By Patrick Ropp
My oldest brother, Jeff, was searching for a small boat to take his kids out fishing and just messing about. Since he had more money than time, and I had more time than money, we pooled our resources. I would build two boats and he would buy the materials. We looked at numerous plans and finally found one of Harold “Dynamite” Payson’s (Phil Bolger’s design #516) Instant Boats that appealed to us. The Rubens Nymph is a beamy (4′ 6″ wide), 7′ 9″ long, double chined, rowboat. The Nymph looked easy and quick to build due to a modified stitch-n-glue technique.
Since I planned to make more than one boat, I transferred the lines of all the parts to scrap bathroom wall board to create full scale patterns. The plans were very basic, although more detailed instructions were available. However, since I am not one to look at many directions anyway, I opted not to get them. After building two boats, I have realized there are dozens of assembly methods that could be used. Between the two boats, I have used three different methods—hot-melt glue, cable ties, and 5-minute epoxy (to tack the panels together).
Dynamite Payson’s modified stitch-n-glue method, on this particular boat, involved tacking the panels together primarily with hot-melt glue. Even though the hot glue didn’t possess much strength, all it really needed to do was keep the parts together long enough to get WEST SYSTEM® epoxy and fiberglass tape around the joints. If there is time for the hot-melt glue to “creep,” or if the boat is jarred, the hot-melt glue may not hold adequately. One of my hot-melt glue joints failed when I was fairing a bilge panel with a hand plane. I fixed the joint with G/5 5-minute Adhesive, temporarily clamping it with cable ties until the epoxy cured. This worked out very well. Any method of temporarily fastening panels together would work—hot-melt glue, cable ties, soft wire, 5-minute epoxy, brad nails, etc.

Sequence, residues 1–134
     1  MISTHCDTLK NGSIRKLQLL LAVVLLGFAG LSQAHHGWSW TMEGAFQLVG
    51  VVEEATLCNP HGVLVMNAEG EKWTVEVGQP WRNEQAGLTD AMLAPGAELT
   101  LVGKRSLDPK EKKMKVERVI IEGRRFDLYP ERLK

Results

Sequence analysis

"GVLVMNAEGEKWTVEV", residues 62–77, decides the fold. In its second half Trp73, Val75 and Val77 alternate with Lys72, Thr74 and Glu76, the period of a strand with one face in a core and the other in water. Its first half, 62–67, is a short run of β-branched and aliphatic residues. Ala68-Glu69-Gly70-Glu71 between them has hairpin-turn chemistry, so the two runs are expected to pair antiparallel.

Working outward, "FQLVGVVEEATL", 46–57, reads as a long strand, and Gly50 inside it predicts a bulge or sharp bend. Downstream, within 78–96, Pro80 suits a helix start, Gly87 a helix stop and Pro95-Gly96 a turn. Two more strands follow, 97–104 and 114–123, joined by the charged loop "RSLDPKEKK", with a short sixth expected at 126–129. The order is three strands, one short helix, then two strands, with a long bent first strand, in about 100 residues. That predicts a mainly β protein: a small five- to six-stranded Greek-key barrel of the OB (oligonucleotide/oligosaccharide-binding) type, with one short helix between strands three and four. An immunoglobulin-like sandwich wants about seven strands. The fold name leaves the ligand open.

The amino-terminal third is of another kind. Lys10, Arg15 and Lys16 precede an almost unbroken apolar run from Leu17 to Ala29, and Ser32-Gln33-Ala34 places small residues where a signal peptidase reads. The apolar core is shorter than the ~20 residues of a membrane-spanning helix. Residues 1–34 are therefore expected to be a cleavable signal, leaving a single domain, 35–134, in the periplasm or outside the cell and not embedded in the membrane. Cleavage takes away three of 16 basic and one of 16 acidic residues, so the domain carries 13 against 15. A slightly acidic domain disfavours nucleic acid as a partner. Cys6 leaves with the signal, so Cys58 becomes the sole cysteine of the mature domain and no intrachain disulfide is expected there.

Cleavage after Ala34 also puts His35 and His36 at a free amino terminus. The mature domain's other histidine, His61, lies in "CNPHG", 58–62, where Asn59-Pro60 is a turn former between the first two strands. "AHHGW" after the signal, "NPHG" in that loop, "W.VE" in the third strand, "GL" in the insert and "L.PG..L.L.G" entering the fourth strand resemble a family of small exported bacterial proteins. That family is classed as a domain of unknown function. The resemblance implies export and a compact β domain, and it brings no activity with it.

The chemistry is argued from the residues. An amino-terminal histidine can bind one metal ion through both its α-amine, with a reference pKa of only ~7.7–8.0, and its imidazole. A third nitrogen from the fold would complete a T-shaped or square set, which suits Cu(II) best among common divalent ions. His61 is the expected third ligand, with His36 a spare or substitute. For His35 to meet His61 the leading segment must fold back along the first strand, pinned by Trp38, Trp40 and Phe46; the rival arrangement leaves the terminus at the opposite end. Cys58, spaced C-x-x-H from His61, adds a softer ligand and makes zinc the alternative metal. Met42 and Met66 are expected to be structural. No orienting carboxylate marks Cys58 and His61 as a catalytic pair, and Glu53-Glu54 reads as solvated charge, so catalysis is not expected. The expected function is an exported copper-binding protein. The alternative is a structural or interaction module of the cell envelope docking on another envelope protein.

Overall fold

I built the Nymph upside down, as the simple instructions said. The sides were bent around the frames, and I used different methods (hot glue and spring clamps) on each boat. The original plans called for the frames to be left in, but I deviated from the design and eventually removed them. I found that adding an additional layer of tape along all the seams made the boat plenty stiff. Removing the frames made the Nymph a little cleaner in the interior and the frames would not get in the way of movement in the boat. This would also allow me to install a “glass bottom” panel at a later date.
After attaching the sides and bottom to the transoms and frames, I faired the chines easily with a plane. When using cable ties on the second boat, I found it easier to fillet and tape some of the interior corners at this point because they were exposed without the bilge panels installed (photo 1). Then I scribed and cut the bilge panels to shape. They were also tacked into place with hot-melt glue and/or wire ties. I faired and rounded the exterior chine corners so the fiberglass would lie nicely over them (photo 2). Since all the seams were externally taped and internally filleted and taped, this joint did not have to be as perfect as I made it. The instructions actually said gaps of up to ¼” were acceptable. Any type of stitch-n-glue method is fairly forgiving because the plywood is there for shape, and the fillets and epoxy/fiberglass taped seams give the strength.
After the corners were rounded, it was time to tape all the seams. I laminated two layers of 15 oz. WEST SYSTEM® 727 Episize™ Biaxial Tape on the external corners (photo 3). The +45°/-45° biaxial fiberglass was an excellent material for this because both layers of fiberglass crossed the seam. If standard 0°/90° cloth tape were used, only one weave of the fiberglass would cross the seam; the other would run parallel to it. The biaxial fiberglass tape made a very tough joint. To saturate the fiberglass tape with epoxy, I constructed a “wet out” table by covering a scrap board with plastic on which I could wet out the tape with a squeegee. I then transferred the epoxy-saturated tape to the boat and squeegeed to remove entrapped air. When the epoxy had gelled, I faired out the raised fiberglass tape edges with fairing compound (mixed epoxy with 407 Low-Density Filler and 410 Microlight™). After an overnight cure, I sanded and faired all of the seams in preparation for completely fiberglassing the hull (photo 4).